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Kent Milton

Toyota
Alka-Seltzer
USAA
L'Oréal
Kiehl's
Hilton
Aleve
City National Bank
LG Electronics
Bayer
Hilton Grand Vacations
Chuck E. Cheese
Post-it
Scotch-Brite
DoubleTree by Hilton
Homewood Suites by Hilton
The Ritz-Carlton Yacht Collection
Conrad Hotels & Resorts
The Ritz-Carlton
Hampton by Hilton
Blue Cross and Blue Shield of Texas
MFS Investment Management
Bridgestone
Humana
IHOP
Midol
Sonic
CeraVe
Skinceuticals ES
Dr Scholl's
Carol's Daughter
Naked Juice
Hilton Garden Inn
Hilton Honors
Garnier
Butterfield Group
Russell Athletic
lululemon
Beam Suntory
Urban Decay
Embassy Suites by Hilton
Marriott International
AFRIN
Estee Lauder
Fruit of the Loom
JELD-WEN
Kent Milton
Country Flag US
I have 24 years of experience working as a creative in traditional advertising, design, digital and more than 20 years working in digital media. I’ve worked in numerous verticals for both B2B and B2C leading various digital campaigns for clients such as Hilton Hotel brands, Ritz-Carlton brands, Estée Lauder, L’Oréal brands (Urban Decay, Kiehl’s, Carol’s Daughter, Garnier, Dark & Lovely, SkinCeuticals, CeraVe), Bayer brands (Bayer Aspirin, Aleve, Afrin, Alka-Seltzer Plus, Dr.Scholls), Bridgestone brands, Toyota, Kia, BCBS, Humana, LG, Lululemon, Lowe’s, Jeld-Wen, Pepsi-co brands and many more. Personal Proficiencies: Adobe Creative Suite, Sketch, Figma, Powerpoint, Keynote My portfolio password is: bewitched Would love the opportunity to speak you about myself and my work and see how I could bring my creative perspective to you and your clients.
Q

Was there something specific about Creative Direction that made you realize it was the path for you?

MY ORIGIN STORY

When I was in second grade my teacher asked us to take out a sheet of paper and draw a picture of what we wanted to be when we grew up. I had a good idea of what I wanted to be but like any little kid, I wanted to see what my peers were going to do first.

All around me boys were drawing pictures of policemen and firemen. I was intrigued by the idea of being a policeman having been raised on a steady diet of Adam-12 and Starsky and Hutch. And I didn't want to be too different from my classmates. But there was something else that I wanted to be and my inner dialogue couldn't be persuaded otherwise.

So there I was, posed with a problem needing a serious creative solution. Then suddenly it dawned on me. With great purpose, I drew a line straight down the middle of my piece of paper. On the left side, I drew myself as a policeman. On the right side, I drew myself in a suit sitting at a drafting table (making all kinds of drawings and ads). I printed the words Part-Time Policeman and Part-Time Artist across the top. I was a stickler for coloring in the lines but once I was finished, I was quite pleased with my solution and turned my paper in.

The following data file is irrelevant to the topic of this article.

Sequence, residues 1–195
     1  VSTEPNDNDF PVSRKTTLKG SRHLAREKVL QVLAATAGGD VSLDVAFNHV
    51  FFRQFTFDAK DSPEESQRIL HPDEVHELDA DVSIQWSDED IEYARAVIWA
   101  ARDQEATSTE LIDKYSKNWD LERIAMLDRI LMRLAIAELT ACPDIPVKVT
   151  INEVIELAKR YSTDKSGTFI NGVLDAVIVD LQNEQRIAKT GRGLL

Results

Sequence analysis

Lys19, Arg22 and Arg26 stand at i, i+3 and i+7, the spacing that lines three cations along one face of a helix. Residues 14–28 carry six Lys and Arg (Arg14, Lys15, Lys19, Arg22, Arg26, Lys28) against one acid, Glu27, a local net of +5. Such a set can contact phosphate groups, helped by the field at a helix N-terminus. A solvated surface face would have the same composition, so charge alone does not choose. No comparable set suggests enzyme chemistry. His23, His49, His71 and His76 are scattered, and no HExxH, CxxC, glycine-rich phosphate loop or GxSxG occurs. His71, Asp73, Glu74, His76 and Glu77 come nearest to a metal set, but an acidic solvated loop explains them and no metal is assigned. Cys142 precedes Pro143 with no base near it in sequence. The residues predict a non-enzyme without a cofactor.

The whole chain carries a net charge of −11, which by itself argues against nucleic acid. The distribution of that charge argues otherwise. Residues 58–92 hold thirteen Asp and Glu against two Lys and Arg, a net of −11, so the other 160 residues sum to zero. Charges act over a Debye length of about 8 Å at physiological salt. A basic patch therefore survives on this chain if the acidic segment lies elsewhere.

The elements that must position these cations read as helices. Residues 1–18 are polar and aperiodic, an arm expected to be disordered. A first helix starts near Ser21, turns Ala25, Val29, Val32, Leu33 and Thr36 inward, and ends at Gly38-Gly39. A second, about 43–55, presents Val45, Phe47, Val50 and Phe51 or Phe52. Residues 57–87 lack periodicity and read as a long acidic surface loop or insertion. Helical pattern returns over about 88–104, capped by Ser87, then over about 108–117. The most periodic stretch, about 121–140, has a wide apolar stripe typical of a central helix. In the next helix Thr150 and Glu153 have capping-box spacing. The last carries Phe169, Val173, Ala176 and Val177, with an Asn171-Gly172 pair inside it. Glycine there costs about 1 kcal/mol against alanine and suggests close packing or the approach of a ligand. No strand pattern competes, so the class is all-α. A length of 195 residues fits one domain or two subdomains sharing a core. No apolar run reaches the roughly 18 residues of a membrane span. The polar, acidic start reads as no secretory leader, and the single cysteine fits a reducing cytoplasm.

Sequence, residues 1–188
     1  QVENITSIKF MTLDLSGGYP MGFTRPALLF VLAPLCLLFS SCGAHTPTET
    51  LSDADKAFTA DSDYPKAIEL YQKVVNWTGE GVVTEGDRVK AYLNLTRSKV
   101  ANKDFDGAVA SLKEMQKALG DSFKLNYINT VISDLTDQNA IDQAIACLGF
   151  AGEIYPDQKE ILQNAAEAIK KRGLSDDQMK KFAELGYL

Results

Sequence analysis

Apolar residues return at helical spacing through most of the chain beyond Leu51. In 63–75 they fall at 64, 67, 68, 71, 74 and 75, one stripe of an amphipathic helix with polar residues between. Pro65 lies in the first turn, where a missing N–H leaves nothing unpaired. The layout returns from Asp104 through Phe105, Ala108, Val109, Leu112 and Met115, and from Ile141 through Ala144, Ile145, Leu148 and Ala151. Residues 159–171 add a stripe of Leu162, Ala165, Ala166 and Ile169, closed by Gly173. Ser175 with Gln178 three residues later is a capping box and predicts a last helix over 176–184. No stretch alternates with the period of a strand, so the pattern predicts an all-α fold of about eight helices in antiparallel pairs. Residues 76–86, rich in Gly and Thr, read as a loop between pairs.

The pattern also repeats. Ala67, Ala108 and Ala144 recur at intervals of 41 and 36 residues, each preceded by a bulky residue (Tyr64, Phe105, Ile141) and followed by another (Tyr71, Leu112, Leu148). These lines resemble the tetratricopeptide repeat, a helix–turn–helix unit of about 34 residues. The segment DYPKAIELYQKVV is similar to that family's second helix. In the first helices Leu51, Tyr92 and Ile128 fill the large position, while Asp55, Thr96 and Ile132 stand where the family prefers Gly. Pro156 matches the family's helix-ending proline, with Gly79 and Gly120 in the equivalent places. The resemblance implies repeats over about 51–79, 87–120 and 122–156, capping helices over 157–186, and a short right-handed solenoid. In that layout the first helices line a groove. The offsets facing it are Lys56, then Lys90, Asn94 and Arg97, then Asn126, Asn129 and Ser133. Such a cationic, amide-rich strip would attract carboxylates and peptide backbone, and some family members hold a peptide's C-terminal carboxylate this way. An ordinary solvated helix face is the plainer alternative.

As my mother tells it, she went to the parent/teacher conference and my teacher pulled out the drawing and asked her where in the world I'd gotten the idea about being an artist. Now my mother knew I liked to draw, but she said she would go home and ask me. And when she did ask me where I came up with that idea, I told her matter-of-factly, “I want to be like Darrin.” My mother proceeded to tell me we didn't know anyone by that name and asked me who was Darrin was. I told her, “you know...Darrin on Bewitched.” I knew that I could draw and that Darrin 'drew' for a living, so it only made sense I would work for an advertising agency as an Art Director one day.

Q

What project are you most proud of being involved in? What made it so memorable?

One of my most rewarding creative projects has to be the 2019 campaign for City National Bank, a client known as the "Bank to the Stars" in Beverly Hills. The bank had a vision to expand their clientele and modernize their brand while preserving their rich Hollywood legacy. We seized this challenge head-on, and what unfolded was a transformative journey for both CNB and our team.

We kicked things off by blending tradition with innovation, reimagining CNB's image for the modern era. We rolled out an integrated strategy that spanned digital OOH, print, social media, and even live events. Our messaging was versatile, designed to capture the attention of high net worth clients across the nation.

The most memorable part of the campaign was our collaboration with CNB's new CEO, Kelly Coffey. We worked with celebrity photographer Ian Spanier to capture the essence of the bank's new direction. Timed perfectly for International Women's Day, this digital campaign made waves and set the tone for what was to come.

But we didn't stop there. Building on the success of the Kelly Coffey campaign, we took things to the next level with a series of photoshoots and a new message, "Where the Only Way is Up." We even managed to seamlessly integrate this with CNB's sponsorship of the 2019 Tony Awards, providing a Broadway-inspired twist that captured hearts across both digital and print channels.